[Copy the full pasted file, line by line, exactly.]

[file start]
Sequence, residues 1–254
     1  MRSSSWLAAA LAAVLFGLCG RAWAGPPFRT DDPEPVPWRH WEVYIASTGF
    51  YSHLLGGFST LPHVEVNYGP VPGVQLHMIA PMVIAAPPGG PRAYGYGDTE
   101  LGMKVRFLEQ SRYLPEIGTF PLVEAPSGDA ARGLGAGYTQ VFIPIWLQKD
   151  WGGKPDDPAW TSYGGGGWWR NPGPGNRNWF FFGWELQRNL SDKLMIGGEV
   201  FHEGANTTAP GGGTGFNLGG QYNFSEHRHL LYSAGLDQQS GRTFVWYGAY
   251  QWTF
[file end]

Sequence, residues 1–254
     1  MRSSSWLAAA LAAVLFGLCG RAWAGPPFRT DDPEPVPWRH WEVYIASTGF
    51  YSHLLGGFST LPHVEVNYGP VPGVQLHMIA PMVIAAPPGG PRAYGYGDTE
   101  LGMKVRFLEQ SRYLPEIGTF PLVEAPSGDA ARGLGAGYTQ VFIPIWLQKD
   151  WGGKPDDPAW TSYGGGGWWR NPGPGNRNWF FFGWELQRNL SDKLMIGGEV
   201  FHEGANTTAP GGGTGFNLGG QYNFSEHRHL LYSAGLDQQS GRTFVWYGAY
   251  QWTF